Ashland Health Department
To protect and promote the health, environment and well-being of the Town of Ashland's residents and visitors.
The Ashland Health Department offers a wide variety of services for the Town of Ashland. The services range from a multitude of various inspections, investigations, training opportunities, emergency preparedness and staff assistance.
The Health Department runs the day-to-day operations of the office, while the Board of Health acts as the policy makers. The Department is responsible for the enforcement of the public health policies, as well as local, state and federal laws and regulations in order to protect the health, safety and well-being of our residents, visitors and the environment.
Central Mass Mosquito Control Project
Truck-mounted mosquito spraying services have ended for the 2021 season. As a member community, Ashland residents may request other Integrated Mosquito Management Services, such as beaver mitigation, ditch maintenance, and curbside tire collections; find out more about Central Mass Mosquito Control Project's services HERE.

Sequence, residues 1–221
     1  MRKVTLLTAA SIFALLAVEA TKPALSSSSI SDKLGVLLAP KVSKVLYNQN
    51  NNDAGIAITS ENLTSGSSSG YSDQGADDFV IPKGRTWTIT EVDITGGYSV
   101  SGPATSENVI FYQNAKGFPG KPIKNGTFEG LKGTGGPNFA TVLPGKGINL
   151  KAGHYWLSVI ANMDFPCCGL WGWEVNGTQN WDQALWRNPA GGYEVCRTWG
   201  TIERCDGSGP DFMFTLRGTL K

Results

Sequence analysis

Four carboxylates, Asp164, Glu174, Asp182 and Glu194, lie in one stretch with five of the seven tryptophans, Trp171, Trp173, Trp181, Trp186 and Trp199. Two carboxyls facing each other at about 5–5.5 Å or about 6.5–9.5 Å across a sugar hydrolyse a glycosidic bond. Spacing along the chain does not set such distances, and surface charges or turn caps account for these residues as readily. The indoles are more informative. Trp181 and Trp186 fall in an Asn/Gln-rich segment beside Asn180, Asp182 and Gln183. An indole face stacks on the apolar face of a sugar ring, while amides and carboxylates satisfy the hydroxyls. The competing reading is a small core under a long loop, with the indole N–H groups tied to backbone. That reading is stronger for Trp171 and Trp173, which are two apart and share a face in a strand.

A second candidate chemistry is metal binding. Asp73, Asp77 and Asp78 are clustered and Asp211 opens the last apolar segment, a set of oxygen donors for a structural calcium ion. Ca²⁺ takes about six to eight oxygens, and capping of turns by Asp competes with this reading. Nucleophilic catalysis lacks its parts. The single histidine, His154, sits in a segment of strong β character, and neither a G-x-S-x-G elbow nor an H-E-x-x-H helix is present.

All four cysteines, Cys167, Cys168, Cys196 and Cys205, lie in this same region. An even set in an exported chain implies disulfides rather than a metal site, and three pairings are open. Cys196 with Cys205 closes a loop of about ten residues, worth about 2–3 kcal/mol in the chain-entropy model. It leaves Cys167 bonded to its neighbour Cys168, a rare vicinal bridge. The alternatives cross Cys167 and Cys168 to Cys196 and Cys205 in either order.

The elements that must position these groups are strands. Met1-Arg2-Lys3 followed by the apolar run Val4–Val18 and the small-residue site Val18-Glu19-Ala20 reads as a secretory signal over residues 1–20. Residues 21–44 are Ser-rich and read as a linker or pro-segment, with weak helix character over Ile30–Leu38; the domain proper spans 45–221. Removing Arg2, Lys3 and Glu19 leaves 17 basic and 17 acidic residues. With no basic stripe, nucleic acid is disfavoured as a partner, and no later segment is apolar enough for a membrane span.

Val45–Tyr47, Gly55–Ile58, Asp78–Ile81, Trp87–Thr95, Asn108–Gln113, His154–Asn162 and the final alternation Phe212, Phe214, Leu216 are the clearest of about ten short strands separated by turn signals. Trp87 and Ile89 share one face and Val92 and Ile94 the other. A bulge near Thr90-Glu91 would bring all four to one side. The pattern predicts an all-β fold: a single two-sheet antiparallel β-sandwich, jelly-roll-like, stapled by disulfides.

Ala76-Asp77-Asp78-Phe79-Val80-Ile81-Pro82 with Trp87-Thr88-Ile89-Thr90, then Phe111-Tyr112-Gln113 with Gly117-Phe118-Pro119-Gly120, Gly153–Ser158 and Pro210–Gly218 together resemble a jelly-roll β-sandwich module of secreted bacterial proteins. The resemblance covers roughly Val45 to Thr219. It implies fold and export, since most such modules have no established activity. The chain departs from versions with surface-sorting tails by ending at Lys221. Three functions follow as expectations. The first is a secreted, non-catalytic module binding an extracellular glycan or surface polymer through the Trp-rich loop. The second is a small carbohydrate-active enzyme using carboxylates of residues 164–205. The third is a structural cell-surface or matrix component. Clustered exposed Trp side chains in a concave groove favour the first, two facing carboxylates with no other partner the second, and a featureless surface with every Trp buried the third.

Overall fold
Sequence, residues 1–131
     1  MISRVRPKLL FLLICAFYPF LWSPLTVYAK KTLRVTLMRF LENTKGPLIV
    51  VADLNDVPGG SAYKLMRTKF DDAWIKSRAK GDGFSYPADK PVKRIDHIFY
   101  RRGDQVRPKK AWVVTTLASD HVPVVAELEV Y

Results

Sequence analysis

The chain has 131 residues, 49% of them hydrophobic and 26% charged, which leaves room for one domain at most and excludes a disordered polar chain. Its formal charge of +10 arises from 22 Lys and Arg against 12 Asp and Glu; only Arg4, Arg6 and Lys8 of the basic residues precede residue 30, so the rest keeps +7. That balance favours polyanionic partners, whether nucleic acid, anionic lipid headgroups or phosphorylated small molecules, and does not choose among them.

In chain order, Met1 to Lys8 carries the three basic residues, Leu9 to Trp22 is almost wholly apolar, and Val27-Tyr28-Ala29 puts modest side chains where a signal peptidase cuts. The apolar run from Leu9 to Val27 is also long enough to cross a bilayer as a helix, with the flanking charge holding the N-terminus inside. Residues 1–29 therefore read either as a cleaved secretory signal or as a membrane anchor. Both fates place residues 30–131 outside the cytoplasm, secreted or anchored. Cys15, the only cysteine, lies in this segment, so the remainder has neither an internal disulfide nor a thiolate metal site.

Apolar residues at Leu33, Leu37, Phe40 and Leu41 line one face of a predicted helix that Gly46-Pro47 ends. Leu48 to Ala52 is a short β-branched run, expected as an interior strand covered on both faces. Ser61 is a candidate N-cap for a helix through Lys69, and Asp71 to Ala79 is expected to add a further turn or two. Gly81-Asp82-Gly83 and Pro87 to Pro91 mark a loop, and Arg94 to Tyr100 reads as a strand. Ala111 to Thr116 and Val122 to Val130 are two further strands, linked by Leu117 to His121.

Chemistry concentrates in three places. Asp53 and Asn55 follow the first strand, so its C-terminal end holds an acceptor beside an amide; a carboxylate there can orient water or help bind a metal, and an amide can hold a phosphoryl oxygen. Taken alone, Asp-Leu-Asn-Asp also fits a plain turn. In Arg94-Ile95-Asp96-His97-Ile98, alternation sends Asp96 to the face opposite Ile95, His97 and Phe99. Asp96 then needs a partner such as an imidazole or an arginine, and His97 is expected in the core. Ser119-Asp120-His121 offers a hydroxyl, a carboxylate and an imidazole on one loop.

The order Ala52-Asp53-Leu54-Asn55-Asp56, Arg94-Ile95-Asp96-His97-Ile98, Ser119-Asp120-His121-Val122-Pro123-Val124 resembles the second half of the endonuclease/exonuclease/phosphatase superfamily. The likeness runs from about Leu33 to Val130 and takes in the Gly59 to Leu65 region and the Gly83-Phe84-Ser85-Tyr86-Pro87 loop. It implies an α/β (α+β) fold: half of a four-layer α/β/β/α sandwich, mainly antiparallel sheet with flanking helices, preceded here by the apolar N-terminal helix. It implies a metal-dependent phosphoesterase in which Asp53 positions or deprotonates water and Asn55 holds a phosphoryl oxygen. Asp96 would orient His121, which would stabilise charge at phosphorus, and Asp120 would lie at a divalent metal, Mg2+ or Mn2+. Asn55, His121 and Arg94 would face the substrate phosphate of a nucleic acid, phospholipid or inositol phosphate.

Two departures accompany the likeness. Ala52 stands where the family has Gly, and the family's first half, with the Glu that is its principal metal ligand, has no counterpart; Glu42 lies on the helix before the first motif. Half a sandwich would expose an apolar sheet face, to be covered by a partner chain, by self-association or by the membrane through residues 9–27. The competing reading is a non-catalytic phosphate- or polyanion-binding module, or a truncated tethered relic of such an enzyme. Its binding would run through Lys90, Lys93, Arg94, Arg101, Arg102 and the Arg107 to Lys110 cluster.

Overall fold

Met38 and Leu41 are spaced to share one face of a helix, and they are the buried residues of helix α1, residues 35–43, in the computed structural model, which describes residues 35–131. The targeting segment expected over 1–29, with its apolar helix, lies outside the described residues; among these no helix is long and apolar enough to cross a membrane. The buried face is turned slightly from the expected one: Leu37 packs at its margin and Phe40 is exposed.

Residents are urged to continue to take precautions to avoid mosquito bites. The Mass. Department of Public Health announced two additional human cases of West Nile Virus in Massachusetts. This brings the total number of human cases to six. Check your risk levels throughout the season by visiting DPH's interactive site https://www.mass.gov/info-arbovirus. You can find the latest Weekly Arbovirus Report HERE.
ABANDONED SWIMMING POOLS
**** PLEASE FIND THE LINK TO ASHLAND'S
COVID-19 INFORMATION PAGE: HERE ****
WHAT ARE THE SYMPTOMS OF COVID?
The Ashland COVID Team has seen VERY few cases with cough, shortness of breath and fever like we did in the spring. That may change in the months to come, but for right now we hear a lot of headache, fatigue, body aches and/or sore throat. Loss of taste/smell is very common too. Symptoms are SO variable, even within the same household. We’ve seen homes where all individuals are positive and each with a different presentation: one person was hospitalized with shortness of breath, cough and fever, one person had diarrhea, one person had headache/sore throat/body aches, one had loss of smell and one had no symptoms despite a positive result. Sometimes you just don't know that you have it.